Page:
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* S6 Queries
@ 2021-08-02  4:54 Arjun D R
  2021-08-02  8:27 ` Laurent Bercot
  0 siblings, 1 reply; 8+ messages in thread
From: Arjun D R @ 2021-08-02  4:54 UTC (permalink / raw)
  To: supervision

[-- Attachment #1: Type: text/plain, Size: 1124 bytes --]

Hi Team,

We are trying to migrate from systemd init system to S6. We have a few
queries, please help us on the same.

1. In systemd, the services are grouped as targets and each target depends
on another target as well. They start as targets. [ex: Reached
local-fs.target, Reached network.target, Reached UI target,...]. Is there
any way in S6 to start the init system based on bundles?

2. Are there any ways to have loosely coupling dependencies? In systemd, we
have After=. After option will help the current service to start after the
mentioned service (in after). And the current service will anyway start
even if the mentioned service in After fails to start. Do we have such
loosely coupled dependency facility in S6?

3. Is there any tool available in S6 to measure the time taken by each
service to start? We can manually measure it from the logs, but still
looking for a tool which can provide accurate data.

4. Does the S6 init system provide better boot up performance compared to
systemd ?  One of our main motives is to attain better bootup performance.
Is our expectation correct?

Thanks in advance,
Arjun

^ permalink raw reply	[flat|nested] 8+ messages in thread

* Re: S6 Queries
  2021-08-02  4:54 S6 Queries Arjun D R
@ 2021-08-02  8:27 ` Laurent Bercot
  2021-08-02 18:07   ` Steve Litt
  2021-08-11 11:05   ` Arjun D R
  0 siblings, 2 replies; 8+ messages in thread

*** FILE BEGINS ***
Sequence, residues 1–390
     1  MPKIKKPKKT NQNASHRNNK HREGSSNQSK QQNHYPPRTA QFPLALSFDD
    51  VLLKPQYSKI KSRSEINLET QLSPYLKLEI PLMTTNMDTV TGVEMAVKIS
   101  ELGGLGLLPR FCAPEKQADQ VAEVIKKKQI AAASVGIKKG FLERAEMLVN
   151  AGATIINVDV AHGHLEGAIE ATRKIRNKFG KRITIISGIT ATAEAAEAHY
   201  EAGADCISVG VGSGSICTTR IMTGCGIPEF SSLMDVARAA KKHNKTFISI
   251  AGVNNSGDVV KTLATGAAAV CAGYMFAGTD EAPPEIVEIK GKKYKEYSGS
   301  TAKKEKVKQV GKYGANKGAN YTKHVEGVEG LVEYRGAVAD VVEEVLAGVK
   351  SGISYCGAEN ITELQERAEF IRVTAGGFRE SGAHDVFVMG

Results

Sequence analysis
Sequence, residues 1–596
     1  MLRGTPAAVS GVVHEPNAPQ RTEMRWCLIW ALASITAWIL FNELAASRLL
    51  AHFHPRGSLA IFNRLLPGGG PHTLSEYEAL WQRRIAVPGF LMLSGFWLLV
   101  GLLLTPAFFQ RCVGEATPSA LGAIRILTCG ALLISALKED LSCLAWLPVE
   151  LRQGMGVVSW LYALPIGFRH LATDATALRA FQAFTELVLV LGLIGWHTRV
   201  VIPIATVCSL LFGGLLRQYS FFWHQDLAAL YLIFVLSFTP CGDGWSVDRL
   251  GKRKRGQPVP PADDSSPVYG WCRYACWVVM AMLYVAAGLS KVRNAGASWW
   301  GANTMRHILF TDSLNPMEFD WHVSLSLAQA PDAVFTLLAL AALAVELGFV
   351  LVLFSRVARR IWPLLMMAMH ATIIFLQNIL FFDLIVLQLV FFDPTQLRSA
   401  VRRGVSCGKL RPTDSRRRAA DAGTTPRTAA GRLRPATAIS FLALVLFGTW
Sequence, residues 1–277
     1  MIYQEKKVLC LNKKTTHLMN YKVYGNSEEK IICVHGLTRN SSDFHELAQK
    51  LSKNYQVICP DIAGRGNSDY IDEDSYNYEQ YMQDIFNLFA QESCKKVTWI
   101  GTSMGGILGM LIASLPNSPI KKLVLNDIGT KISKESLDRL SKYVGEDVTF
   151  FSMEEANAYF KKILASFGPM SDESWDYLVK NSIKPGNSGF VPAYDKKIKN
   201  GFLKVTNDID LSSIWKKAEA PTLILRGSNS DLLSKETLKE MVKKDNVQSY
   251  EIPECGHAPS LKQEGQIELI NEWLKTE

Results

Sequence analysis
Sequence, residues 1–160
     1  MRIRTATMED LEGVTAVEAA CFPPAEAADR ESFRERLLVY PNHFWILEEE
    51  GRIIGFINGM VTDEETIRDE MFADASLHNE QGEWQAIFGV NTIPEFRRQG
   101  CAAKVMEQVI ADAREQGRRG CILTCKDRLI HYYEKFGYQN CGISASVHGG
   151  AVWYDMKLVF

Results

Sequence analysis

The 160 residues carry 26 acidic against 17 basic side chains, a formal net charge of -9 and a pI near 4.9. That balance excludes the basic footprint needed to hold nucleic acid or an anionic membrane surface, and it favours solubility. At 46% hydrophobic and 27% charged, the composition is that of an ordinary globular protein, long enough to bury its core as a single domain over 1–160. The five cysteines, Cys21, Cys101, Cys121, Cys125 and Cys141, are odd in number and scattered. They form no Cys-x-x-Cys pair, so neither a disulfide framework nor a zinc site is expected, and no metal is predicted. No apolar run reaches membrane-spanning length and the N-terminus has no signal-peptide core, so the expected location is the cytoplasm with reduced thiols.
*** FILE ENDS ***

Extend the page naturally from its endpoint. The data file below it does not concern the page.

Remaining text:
From: Laurent Bercot @ 2021-08-02  8:27 UTC (permalink / raw)
  To: Arjun D R, supervision

>1. In systemd, the services are grouped as targets and each target depends
>on another target as well. They start as targets. [ex: Reached
>local-fs.target, Reached network.target, Reached UI target,...]. Is there
>any way in S6 to start the init system based on bundles?

  Yes, that is what bundles are for. In your stage 2 boot script
(typically /etc/s6-linux-init/current/scripts/rc.init), you should
invoke s6-rc as:
   s6-rc change top
if "top" is the name of your default bundle, i.e. the bundle that
contains all the services you want to start at boot time. You can
basically convert the contents of your systemd targets directly into
contents of your s6-rc bundles; and you decide which one will be
brought up at boot time via the s6-rc invocation in your stage 2
init script.


>2. Are there any ways to have loosely coupling dependencies? In systemd, we
>have After=. After option will help the current service to start after the
>mentioned service (in after). And the current service will anyway start
>even if the mentioned service in After fails to start. Do we have such
>loosely coupled dependency facility in S6?

  Not at the moment, no. The next version of s6-rc will allow more types
of dependencies, with clearer semantics than the systemd ones (After=, 
Requires= and Wants= are not orthogonal, which is unintuitive and causes
misuse); but it is still in early development.

  For now, s6-rc only provides one type of dependency, which is the
equivalent of Requires+After. I realize this is not flexible enough
for a lot of real use cases, which is one of the reasons why another
version is in development. :)


>3. Is there any tool available in S6 to measure the time taken by each
>service to start? We can manually measure it from the logs, but still
>looking for a tool which can provide accurate data.

  Honestly, if you use the -v2 option to your s6-rc invocation, as in
   s6-rc -v2 change top
and you ask the catch-all logger to timestamp its lines (which should
be the default, but you can change the timestamp style via the -t
option to s6-linux-init-maker)
then the difference of timestamps between the lines:
   s6-rc: info: service foo: starting
and
   s6-rc: info: service foo successfully started